Greek Risk Again Weighing on the Euro

April 15, 2010

It took just four days for concerns about Greek debt to roar back.  A third of the post-aid package decline in Greek two-year yields has been reversed, and the Greek-German ten-year spread again exceeds 400 basis points.  Investors are convinced the Greek government will have to use the EUR 45 billion package very soon and still wonder if Germany may balk at the last moment.  Greece has meanwhile scrapped plans to borrow in the United States.  EUR 16.3 billion must be raised by May 19.

The euro and Swissie lost 0.8% against the dollar, which has been unchanged against the yen, loonie and kiwi.  The dollar is 0.4% and 0.3% firmer against the British pound and Australian dollar.

German, Japanese, and British ten-year sovereign debt yields slid 2, 1, and 1 basis points.

Oil and gold prices have slipped 0.2% and 0.4% to $85.66 per barrel and $1154.90 per troy ounce.

Chinese on-year first-quarter GDP growth of 11.9% showed further acceleration from 10.7% in 4Q09 and 6.2% from 1Q09 and surpassed market expectations centered around 11.6%.  CPI and PPI inflation of 2.4% and 5.9% in March after 2.7% and 5.4% in February was also below analyst forecasts but high enough to sustain speculation that interest rates will get lifted soon.  The last time growth went above 11% elicited a rate increase within a month.  In other Chinese data released overnight, industrial production and retail sales recorded March on-year gains of 18.1% and 18.0%, each very close to forecasts. Fixed asset investment growth of 26.4% in the year to 1Q10 was likewise near expectations.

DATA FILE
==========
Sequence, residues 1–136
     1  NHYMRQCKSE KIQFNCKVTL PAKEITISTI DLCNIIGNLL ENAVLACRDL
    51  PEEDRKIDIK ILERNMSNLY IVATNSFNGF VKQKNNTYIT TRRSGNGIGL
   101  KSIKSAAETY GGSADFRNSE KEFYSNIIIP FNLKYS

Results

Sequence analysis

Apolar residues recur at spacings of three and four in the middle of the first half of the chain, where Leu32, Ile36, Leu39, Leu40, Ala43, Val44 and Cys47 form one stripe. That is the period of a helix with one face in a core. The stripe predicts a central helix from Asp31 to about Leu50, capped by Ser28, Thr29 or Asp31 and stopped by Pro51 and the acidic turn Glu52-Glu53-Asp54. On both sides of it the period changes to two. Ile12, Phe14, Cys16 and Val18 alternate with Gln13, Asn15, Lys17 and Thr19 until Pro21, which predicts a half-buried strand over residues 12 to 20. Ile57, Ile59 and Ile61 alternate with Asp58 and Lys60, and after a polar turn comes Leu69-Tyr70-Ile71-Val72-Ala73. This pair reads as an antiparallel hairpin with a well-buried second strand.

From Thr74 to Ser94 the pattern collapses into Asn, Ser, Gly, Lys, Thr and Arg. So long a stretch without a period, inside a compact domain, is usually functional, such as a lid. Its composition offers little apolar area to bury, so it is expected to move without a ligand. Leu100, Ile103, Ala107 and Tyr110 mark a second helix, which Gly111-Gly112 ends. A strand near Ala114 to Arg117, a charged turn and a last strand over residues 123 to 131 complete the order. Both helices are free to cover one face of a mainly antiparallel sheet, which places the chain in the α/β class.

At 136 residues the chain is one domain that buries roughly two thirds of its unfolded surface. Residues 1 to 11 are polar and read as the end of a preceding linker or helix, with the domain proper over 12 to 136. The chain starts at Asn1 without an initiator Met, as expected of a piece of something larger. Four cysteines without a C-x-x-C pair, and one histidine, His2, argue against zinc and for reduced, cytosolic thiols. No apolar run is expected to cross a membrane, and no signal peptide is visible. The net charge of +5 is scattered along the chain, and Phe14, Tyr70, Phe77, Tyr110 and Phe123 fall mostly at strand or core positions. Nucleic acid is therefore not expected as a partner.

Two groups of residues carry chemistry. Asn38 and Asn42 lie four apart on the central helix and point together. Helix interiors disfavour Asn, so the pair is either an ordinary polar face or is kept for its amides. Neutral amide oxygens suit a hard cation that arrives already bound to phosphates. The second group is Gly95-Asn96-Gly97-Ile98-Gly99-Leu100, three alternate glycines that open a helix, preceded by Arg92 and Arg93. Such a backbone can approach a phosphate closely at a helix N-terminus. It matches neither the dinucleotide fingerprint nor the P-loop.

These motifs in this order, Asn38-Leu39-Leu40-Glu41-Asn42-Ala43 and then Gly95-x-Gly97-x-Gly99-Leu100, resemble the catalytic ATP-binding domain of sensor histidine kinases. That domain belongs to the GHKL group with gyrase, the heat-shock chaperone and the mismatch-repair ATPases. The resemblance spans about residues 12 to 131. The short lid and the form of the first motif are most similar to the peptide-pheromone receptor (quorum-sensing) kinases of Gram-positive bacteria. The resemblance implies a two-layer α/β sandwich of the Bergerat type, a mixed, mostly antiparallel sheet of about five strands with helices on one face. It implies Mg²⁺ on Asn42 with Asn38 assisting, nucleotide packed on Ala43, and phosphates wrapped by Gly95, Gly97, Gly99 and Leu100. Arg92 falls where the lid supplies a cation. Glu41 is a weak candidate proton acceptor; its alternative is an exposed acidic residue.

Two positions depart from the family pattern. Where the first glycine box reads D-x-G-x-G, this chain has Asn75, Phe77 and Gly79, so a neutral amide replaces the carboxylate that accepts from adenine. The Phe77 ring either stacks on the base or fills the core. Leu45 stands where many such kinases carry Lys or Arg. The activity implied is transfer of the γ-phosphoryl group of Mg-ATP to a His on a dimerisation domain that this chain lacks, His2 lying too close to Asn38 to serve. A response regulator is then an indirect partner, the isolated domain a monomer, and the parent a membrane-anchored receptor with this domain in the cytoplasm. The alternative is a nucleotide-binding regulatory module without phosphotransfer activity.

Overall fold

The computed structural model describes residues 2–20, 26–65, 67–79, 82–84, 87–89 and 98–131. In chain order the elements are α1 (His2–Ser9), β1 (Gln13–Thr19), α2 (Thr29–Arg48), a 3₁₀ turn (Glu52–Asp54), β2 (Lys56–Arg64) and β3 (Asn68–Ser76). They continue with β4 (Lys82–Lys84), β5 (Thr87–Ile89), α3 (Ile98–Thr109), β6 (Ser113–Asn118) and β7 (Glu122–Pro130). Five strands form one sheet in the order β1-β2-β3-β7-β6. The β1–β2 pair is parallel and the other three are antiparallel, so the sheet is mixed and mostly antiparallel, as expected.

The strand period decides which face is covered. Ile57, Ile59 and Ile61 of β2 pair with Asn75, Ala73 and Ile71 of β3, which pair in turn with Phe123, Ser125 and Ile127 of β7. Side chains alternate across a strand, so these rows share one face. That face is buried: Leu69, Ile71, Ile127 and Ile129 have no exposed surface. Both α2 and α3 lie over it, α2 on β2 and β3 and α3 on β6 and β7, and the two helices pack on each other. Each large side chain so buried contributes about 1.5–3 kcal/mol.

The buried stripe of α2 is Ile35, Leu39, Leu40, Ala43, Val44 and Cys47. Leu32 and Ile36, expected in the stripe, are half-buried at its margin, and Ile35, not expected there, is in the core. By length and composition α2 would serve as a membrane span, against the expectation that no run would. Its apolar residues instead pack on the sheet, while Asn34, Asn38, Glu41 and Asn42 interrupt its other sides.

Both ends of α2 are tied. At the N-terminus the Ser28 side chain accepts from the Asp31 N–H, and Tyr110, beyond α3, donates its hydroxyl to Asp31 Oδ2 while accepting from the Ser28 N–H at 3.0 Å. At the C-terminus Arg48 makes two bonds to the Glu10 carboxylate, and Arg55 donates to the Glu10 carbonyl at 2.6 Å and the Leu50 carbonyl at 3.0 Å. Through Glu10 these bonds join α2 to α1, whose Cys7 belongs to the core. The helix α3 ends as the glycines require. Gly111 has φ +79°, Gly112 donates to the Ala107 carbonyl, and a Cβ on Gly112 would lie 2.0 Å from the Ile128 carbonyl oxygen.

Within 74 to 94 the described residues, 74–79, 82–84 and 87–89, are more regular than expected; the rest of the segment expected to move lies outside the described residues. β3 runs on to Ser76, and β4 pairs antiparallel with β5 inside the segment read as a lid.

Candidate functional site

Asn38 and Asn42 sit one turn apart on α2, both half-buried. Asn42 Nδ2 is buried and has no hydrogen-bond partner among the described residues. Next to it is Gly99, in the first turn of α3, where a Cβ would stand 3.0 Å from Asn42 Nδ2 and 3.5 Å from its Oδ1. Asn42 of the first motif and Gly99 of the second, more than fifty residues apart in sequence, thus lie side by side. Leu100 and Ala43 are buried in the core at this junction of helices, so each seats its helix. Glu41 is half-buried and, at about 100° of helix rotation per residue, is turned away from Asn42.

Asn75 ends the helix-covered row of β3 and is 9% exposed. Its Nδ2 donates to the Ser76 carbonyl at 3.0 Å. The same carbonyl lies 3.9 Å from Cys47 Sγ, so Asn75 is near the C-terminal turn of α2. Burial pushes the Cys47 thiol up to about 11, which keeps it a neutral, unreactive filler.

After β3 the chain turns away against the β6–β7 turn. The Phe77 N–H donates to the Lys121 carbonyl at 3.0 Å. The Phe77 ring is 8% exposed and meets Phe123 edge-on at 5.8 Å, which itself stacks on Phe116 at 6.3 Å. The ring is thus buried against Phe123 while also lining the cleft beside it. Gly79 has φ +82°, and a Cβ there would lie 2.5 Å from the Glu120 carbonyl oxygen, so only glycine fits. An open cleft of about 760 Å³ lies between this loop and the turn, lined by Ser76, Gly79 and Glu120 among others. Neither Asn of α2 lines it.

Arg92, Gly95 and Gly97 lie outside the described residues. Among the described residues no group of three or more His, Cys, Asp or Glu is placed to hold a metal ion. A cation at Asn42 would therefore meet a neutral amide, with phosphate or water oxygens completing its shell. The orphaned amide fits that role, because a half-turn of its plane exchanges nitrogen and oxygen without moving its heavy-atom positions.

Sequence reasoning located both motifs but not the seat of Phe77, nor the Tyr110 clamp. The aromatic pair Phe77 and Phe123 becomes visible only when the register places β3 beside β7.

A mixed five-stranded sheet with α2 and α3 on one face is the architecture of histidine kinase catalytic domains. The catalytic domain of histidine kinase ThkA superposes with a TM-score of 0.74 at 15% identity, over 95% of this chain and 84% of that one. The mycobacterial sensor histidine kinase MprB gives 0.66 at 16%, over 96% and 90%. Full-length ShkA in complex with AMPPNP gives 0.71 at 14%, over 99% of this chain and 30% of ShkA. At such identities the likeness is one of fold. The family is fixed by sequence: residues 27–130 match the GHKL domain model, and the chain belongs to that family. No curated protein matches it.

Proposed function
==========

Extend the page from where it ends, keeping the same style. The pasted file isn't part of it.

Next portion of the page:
The Reuters monthly Tankan readings for April of zero for Japanese manufacturers and minus 14 for non-manufacturers each showed solid eight-point improvements from March results.  Japan’s recovery retained momentum heading into the second calendar quarter.  Industrial production in February, however, got revised from zero to minus 0.6%, but such followed an out-sized 4.3% leap in January and left output 31.3% above its year-earlier level.  Depleted inventories are now getting replenished with gains of 1.1% in January and 1.6% in February, yet the inventory ratio remains 30.0% below a year ago.  Capacity usage was unchanged on month in February but up 43.8% on year, while capacity showed nil change either from January or a year earlier.

The Bank of Japan’s quarterly report on regional trends upgraded conditions in seven of the nine major regions.  All nine are experiencing a pick-up in activity, although at different speeds.

Australia’s index of expected consumer price inflation over the coming year accelerated to an 18-month high of 4.1% in March from 3.2% in February.  Central banks never like to see that kind of development.

New Zealand’s purchasing managers index improved 2.7 points from 53.6 in February to 56.3 in March.

Wholesale price inflation in India of 9.9% in March was less than expected.  Turkish unemployment of 14.5% in January was up sharply from 13.5% in December but a percentage point less than in January 2009.

Retail sales in Singapore were 4.8% greater in February than a year earlier.  Such had risen 2.1% in the year to January.

According to Nationwide, British consumer confidence weakened to 72 in March from 80 in February.  The drop was not anticipated.

Spanish consumer prices increased 0.7% last month and by 1.4% on year, but core inflation stood at a 12-month rate of merely 0.2%.

Italy’s trade deficit narrowed 31.5% on month to EUR 2.33 billion in February.  Norway’s trade surplus contracted 19.8% to NOK 26.0 billion in March.  Swedish unemployment of 5.2% in March was somewhat less than forecast.  Finnish retail sales were 1.3% higher in February than a year earlier.  Czech industrial producer prices edged up 0.1% in March but were 0.8% less than in March 2009. 

Another big U.S. data release day lie ahead, featuring industrial production, the National Association of Home Builders index, the monthly Treasury capital flows data, and the New York and Philly Fed indexes.  Canada reports existing home sales.

Copyright Larry Greenberg 2010.  All rights reserved.  No secondary distribution without express permission.

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